"Sec. 8. Share basis. - In the absence of any written agreement to the contrary and when the tenant furnishes the necessary implements and the work animals and defrays all the expenses for planting and cultivation of the land, the crop shall be divided as follows: the tenant shall receive seventy per cent of the net produce of the land and the landlord thirty per cent, for first-class land, the normal production of which, based on the average yield for the three preceding years, is more than forty cavans of palay per one cavan of seeds; seventy-five per cent for the tenant and twenty-five per cent for the landlord, in case of land the average normal production of which is not more than forty cavans of palay per one cavan of seeds. In case the landlord furnishes the necessary work animals and farm implements and, likewise, bears all the expenses of planting and cultivation, the landlord shall receive seventy per cent and the tenant thirty per cent of the crop; but if the landlord furnishes the necessary work animals and farm implements and bears equally with the tenant the expenses of planting and cultivation, the crop shall be divided equally between the parties.
"Expenses for harvesting and threshing shall be deducted from the gross produce. Expenses for the maintenance of irrigation systems within the respective areas shall be for the account of the tenant, but amortizations for the cost of construction of the system itself shall be for the account of the landlord. The expenses for construction and maintenance of privately owned irrigation systems shall be agreed upon between the landlord and tenant, but in case of disagreement, all expenses for the construction of the system shall be for the account of the landlord, provided that the costs of constructing the distribution canals shall be for the account of the tenant.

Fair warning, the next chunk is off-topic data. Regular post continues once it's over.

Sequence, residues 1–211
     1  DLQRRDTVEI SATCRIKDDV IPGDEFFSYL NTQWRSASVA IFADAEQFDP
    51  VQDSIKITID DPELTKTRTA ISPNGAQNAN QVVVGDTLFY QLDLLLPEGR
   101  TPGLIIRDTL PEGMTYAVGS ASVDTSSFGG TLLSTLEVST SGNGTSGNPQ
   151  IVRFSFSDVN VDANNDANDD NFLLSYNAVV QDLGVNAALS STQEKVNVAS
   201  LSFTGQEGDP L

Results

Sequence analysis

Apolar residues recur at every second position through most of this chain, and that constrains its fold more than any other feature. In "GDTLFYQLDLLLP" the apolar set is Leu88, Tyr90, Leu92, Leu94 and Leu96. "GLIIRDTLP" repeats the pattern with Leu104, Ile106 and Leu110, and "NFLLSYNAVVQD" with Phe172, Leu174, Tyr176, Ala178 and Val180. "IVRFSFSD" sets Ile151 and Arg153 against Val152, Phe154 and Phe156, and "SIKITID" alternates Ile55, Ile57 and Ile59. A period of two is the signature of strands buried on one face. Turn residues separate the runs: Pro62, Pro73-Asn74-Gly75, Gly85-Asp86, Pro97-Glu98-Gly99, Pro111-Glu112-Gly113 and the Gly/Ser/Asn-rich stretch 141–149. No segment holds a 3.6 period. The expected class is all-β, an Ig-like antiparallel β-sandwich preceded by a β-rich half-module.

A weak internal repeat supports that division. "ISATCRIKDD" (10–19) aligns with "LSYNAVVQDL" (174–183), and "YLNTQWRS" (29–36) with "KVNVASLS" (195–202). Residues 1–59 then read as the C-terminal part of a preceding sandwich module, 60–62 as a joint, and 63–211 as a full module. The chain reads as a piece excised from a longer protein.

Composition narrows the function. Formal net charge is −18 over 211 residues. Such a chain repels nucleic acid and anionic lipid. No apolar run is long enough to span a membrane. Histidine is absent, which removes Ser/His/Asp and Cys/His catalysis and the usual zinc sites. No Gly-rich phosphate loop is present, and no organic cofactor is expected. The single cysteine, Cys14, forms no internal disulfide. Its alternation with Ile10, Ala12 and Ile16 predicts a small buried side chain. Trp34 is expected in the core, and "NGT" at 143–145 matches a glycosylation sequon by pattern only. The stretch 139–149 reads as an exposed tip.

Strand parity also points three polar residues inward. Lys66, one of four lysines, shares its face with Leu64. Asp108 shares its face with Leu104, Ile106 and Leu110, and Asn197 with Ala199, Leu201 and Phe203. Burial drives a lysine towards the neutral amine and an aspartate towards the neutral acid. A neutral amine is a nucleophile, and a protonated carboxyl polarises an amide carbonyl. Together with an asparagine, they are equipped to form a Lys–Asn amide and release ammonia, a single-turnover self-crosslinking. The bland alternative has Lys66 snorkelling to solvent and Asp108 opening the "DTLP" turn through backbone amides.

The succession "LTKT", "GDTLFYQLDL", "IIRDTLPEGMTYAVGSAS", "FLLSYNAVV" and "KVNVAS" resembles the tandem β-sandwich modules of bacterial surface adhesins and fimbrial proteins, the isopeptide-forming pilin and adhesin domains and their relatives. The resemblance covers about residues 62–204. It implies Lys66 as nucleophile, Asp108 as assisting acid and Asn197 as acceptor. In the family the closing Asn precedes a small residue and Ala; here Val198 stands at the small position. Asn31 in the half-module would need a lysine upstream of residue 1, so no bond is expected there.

"The division shall be made in the same place where the crop has been threshed and each party shall transport his share to his warehouse, unless the contrary is stipulated by the parties.
"Sec. 9. Auxiliary industry. - In the absence of any written agreement to the contrary, in case the land is planted to a second crop of rice or other auxiliary crops, the tenant shall receive eighty per cent and the landlord twenty per cent of the net produced, provided all expenses of production are borne by the tenant.
"Auxiliary industry shall not, however, be construed to include the crops or products raised from a garden, poultry, and such other industries carried on a lot specially provided for the residence of the tenant.
"Sec. 22. Lot for dwelling. - The tenant shall be entitled to construct a dwelling on the land cultivated by him, if he so chooses, and once a dwelling is constructed, he shall be entitled to a fixed residential lot of not less than six hundred square meters, but not exceeding one thousand square meters in area, depending upon the availability of suitable land and the area cultivated by the tenant belonging to the landowner, the same to be devoted to the purposes of a garden, poultry and such other minor industries as may be necessary for his livelihood, the products of which shall accrue to the tenants exclusively: Provided, That the tenant shall be given forty-five days within which to remove his house from the land of the landlord in the event of the cancellation of the contract of tenancy for any reason: Provided, further, That in case he fails to devote the lot allotted to him for the purposes herein mentioned for a period of six months, it shall revert the cultivation of palay."
Section 4. This Act shall take effect immediately, provided that when the landlord has advanced money, seeds or the like to the tenant, and in the cases in which it might be applicable, the landlord shall have a preferential lien on the share of the tenant for the payment of such advances made plus six per cent interest per annum.
Approved: September 30, 1946
The Lawphil Project - Arellano Law Foundation